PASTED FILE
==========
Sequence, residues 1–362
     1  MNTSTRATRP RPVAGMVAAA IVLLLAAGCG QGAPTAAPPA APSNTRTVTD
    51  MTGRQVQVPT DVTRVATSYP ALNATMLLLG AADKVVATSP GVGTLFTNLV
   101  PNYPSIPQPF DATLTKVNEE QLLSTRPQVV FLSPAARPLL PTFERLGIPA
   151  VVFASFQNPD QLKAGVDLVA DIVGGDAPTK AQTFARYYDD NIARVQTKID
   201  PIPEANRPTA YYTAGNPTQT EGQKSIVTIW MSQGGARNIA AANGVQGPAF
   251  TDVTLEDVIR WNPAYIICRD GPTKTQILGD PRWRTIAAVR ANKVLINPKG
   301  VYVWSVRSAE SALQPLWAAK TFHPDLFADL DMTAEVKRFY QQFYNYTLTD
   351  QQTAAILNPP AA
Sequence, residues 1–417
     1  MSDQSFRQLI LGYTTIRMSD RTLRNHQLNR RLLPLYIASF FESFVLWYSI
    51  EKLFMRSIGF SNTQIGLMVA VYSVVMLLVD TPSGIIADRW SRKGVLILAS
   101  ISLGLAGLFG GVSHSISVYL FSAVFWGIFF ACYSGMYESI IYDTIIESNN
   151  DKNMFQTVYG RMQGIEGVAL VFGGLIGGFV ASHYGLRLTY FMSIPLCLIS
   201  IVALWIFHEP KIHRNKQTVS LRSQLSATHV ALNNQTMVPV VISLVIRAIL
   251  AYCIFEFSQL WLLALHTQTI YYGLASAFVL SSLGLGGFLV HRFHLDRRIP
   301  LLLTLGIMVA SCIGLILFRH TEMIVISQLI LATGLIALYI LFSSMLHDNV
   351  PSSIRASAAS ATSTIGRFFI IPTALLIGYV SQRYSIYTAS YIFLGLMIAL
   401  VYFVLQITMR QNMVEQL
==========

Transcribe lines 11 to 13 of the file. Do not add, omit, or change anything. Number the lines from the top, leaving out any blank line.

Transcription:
     1  MSDQSFRQLI LGYTTIRMSD RTLRNHQLNR RLLPLYIASF FESFVLWYSI
    51  EKLFMRSIGF SNTQIGLMVA VYSVVMLLVD TPSGIIADRW SRKGVLILAS
   101  ISLGLAGLFG GVSHSISVYL FSAVFWGIFF ACYSGMYESI IYDTIIESNN